“Eyes blinded by the fog of things
cannot see truth.
Ears deafened by the din of things
cannot hear truth.
Brains bewildered by the whirl of things
cannot think truth.
Hearts deadened by the weight of things
cannot feel truth.
Throats choked by the dust of things
cannot speak truth.”
Golden Ratio. Fibonacci Sequence. Rule of Thirds.
These are some of the guidelines you inherently know or learn to follow when composing photographs — artistic suggestions that allow the final image to be most pleasing as a result.
Another is negative space.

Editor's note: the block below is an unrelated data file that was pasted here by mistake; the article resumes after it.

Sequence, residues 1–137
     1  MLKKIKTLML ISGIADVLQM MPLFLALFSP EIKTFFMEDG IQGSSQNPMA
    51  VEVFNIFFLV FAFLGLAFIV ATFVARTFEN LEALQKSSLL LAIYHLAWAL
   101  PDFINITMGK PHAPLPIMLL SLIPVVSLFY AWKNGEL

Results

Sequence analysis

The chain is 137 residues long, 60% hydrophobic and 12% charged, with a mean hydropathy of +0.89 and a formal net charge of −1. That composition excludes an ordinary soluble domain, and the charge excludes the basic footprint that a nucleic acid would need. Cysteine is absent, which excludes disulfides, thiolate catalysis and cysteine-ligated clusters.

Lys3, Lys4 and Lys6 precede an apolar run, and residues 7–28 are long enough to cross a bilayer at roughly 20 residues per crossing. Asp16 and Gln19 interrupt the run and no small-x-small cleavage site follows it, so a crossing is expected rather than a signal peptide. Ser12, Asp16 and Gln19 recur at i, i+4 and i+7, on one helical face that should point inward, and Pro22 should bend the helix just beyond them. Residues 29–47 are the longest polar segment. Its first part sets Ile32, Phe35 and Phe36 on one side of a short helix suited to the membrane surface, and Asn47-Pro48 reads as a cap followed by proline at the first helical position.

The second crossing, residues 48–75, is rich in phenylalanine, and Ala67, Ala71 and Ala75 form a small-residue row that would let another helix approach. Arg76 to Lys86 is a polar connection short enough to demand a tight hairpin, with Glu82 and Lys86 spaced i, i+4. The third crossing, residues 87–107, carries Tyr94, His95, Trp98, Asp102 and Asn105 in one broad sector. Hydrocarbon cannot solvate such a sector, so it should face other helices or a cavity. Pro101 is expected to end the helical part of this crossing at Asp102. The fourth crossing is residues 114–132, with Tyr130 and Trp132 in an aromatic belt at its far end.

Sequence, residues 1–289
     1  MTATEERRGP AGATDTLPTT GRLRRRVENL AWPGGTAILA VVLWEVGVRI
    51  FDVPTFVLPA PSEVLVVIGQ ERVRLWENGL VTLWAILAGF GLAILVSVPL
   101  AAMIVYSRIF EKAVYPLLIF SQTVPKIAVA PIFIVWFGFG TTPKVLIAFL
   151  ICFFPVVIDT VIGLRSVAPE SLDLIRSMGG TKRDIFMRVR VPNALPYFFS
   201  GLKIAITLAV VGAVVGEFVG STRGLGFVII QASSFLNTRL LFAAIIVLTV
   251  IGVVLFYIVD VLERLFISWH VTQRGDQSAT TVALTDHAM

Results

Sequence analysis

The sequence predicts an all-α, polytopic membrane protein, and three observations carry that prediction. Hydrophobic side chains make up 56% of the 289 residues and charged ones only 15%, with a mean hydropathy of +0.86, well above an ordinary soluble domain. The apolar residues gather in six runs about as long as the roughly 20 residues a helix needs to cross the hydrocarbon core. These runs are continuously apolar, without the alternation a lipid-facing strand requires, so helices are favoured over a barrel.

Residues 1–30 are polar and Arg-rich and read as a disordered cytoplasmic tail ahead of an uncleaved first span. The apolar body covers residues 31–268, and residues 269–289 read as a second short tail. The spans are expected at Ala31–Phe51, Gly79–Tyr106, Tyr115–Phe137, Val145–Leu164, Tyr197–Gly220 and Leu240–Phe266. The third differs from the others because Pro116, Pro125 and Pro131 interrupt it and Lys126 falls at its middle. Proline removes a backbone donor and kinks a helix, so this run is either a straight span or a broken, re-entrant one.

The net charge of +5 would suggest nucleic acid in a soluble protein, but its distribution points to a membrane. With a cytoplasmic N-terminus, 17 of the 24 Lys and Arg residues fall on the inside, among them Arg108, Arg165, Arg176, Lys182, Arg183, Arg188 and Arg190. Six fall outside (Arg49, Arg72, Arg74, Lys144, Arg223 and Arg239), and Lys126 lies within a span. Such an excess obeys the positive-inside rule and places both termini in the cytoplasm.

The area surrounding the subject in a photograph, negative space removes hindrances for our eyes and offers us room to inhale the primary element. It allows us to linger longer within the image.
And lately, I’ve been exploring the picture frame of my own life.
Where’s my negative space? Where’s my breadth that grants me breath? Is there enough room around the physical, mental, and spiritual aspects of my life, or has it become too cramped, crowded, and cluttered?
I’ve been looking at the noise that competes for attention around the focal points of my life — like the belongings I’ve packed into my house, and the stories I make up in my mind, and the spiritual baggage that weighs me down.
And I’ve been seeking for ways to reduce the static and the stuff that can consume me, so that the positive pixels within me freely dwell inside the negative spaces of my life.